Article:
Liberal arts ‘not a priority’ for research universities

Canadian college seeking to move away from parent institution after more than 140 years

February 24, 2021
Huron University College
Huron University College

A Canadian university’s liberal arts college is looking to separate after more than 140 years of ties, seeing its broad approach as being too undervalued to survive within the short-term, metrics-driven approach to modern higher education.

Huron University College was established in Ontario in 1863 to train Anglican clergyman and was the founding institution 15 years later of Western University, a more comprehensive institution. Western awards Huron degrees and the institutions share facilities and courses.

Barry Craig, Huron’s president, wants that relationship to continue, but wants Huron to gain the right to set its own curriculum and award degrees in its own name.

Since taking on the role, Dr Craig has doubled Huron’s first-year enrolment with a promise to emphasise the relevancy of liberal arts to both careers and community service.

Five years in, he told Times Higher Education, he is finding unacceptable limits on his 1,500-student campus from the governance of a 35,000-student research university.

Huron aims to produce liberal arts graduates with both the skills for long-term job success and the readiness to confront such societal challenges as racial injustice and climate change, Dr Craig said.

“Those aren’t the drivers for major research institutions now,” he said.

Western appears willing, though not especially enthusiastic, to engage in talks that will set the terms for such a partnership. It responded to Huron’s move by joining with the heads of the two other Western affiliates – King’s University College and Brescia University College, both Catholic-founded – in a terse statement pledging their ongoing commitment to each other.

Dr Craig acknowledged Huron’s move was also a play for some key donors and said he expected Western to bring a “tough negotiating position”. Four of Canada’s wealthiest business leaders are Huron graduates, he said.

“We think we have a really deep bench in the alumni,” Dr Craig said. “But we want to make sure that our alumni have their greatest affiliation and loyalty to Huron.”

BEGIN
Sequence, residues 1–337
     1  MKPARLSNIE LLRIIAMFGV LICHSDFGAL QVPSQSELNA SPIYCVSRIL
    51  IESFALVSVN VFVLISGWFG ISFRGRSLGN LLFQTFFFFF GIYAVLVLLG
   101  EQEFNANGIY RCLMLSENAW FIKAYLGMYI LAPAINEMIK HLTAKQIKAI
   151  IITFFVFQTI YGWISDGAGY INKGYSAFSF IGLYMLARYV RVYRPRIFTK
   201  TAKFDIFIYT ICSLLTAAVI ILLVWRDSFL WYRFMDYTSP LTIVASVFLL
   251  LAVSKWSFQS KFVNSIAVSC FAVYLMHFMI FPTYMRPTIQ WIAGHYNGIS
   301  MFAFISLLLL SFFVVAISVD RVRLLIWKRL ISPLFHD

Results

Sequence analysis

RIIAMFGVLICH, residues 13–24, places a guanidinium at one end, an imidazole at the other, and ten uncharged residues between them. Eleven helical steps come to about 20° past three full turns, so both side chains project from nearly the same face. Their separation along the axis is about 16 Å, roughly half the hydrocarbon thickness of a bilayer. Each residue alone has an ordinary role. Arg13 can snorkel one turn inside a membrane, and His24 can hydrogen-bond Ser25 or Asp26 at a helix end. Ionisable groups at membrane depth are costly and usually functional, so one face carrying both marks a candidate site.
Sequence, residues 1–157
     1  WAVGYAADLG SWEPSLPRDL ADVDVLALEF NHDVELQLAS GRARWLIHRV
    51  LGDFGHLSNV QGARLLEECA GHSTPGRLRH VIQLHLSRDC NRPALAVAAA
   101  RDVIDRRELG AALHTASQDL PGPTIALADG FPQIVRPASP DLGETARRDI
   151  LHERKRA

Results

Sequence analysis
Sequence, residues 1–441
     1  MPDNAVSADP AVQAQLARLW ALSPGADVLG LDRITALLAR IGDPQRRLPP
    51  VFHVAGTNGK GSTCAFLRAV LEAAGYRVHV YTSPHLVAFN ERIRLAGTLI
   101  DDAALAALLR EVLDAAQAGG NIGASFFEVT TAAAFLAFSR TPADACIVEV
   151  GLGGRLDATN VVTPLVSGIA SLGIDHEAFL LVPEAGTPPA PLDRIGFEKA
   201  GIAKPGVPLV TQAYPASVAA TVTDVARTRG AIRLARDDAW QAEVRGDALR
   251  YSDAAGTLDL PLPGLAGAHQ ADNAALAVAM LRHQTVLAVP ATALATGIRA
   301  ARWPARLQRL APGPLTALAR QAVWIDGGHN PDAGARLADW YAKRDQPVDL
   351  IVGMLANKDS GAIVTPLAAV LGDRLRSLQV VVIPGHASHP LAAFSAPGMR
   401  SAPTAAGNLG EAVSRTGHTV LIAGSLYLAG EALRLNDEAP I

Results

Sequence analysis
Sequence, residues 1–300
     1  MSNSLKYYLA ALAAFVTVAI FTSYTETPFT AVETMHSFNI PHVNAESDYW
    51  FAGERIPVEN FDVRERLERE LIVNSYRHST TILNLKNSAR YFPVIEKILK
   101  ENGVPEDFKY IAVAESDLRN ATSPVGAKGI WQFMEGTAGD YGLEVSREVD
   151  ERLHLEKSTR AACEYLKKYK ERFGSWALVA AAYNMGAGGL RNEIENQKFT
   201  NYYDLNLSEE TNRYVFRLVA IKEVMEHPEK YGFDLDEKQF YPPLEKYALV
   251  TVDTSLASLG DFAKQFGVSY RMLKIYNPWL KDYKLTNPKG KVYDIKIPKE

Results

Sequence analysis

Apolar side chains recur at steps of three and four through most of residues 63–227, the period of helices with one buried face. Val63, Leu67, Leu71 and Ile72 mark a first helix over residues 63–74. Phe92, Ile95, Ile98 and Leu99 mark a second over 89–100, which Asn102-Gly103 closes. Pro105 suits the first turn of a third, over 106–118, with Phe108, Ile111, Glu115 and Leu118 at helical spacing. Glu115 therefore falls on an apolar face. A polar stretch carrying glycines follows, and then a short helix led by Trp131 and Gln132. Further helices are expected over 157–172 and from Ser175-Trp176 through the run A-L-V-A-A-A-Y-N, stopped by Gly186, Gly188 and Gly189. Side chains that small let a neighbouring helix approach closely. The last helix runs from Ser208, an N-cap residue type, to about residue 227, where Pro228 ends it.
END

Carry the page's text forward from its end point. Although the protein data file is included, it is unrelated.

He sought to put the primary emphasis, however, on the decline in respect for the liberal arts and the need to find a new model that combines a classic education with direct workplace experience.

Pushed by policymakers looking to show immediate impact, Dr Craig said, Western instead has joined the rush to favour scientific fields that offer graduates quick job placements and high starting salaries.

Employers in nearly all fields know the longer-term value of a liberal arts student who comes “already packaged” with essential analytical and communications skills, and then needs just the basic company-provided training for a particular industry, Dr Craig said.

Huron is helping that process by giving its students at least one field-specific job experience during their undergraduate years, he said. That’s a key, he said, to Huron doubling first-year enrolment from 252 in 2017.

That success hasn’t, however, translated into that same business community using some of its lobbying clout to make clear to politicians the enduring value it places on the liberal arts, Dr Craig said.

As a result, he said, Canada already has lost more than half a dozen liberal arts institutions in recent years through closures, consolidations or shifts in mission. The trend is even worse, he said, in the US, which has lost about a third of its 300 liberal arts institutions over the past decade or so.

“I guess that’s the real challenge for anybody in this business,” Dr Craig said, referring to liberal arts education generally, and his own dilemma with Western. “Can I make this flourish or am I just content to have a slow-term erosion to death?”

Alan Shepard, Western’s president, said there were “many implications to consider” from Huron’s move, “and we will do so in conversation with Huron over the coming weeks and months”.

“Western is one of Canada’s top research-intensive universities, educating and inspiring our students across the range of academic disciplines, and we will continue to advance our mission in close partnership with our affiliated university colleges,” he said.

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Reader's comments (1)

I am a Western grad 1969 ... and Huron is right. My own career is testament to its enduring value ... liberal arts, that is. Go Barry!


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